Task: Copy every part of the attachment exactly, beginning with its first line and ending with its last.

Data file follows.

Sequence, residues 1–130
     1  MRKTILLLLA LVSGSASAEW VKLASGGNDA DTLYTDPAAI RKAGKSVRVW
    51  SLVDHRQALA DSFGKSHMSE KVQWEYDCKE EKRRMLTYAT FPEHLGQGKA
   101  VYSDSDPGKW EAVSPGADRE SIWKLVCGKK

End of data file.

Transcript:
Sequence, residues 1–130
     1  MRKTILLLLA LVSGSASAEW VKLASGGNDA DTLYTDPAAI RKAGKSVRVW
    51  SLVDHRQALA DSFGKSHMSE KVQWEYDCKE EKRRMLTYAT FPEHLGQGKA
   101  VYSDSDPGKW EAVSPGADRE SIWKLVCGKK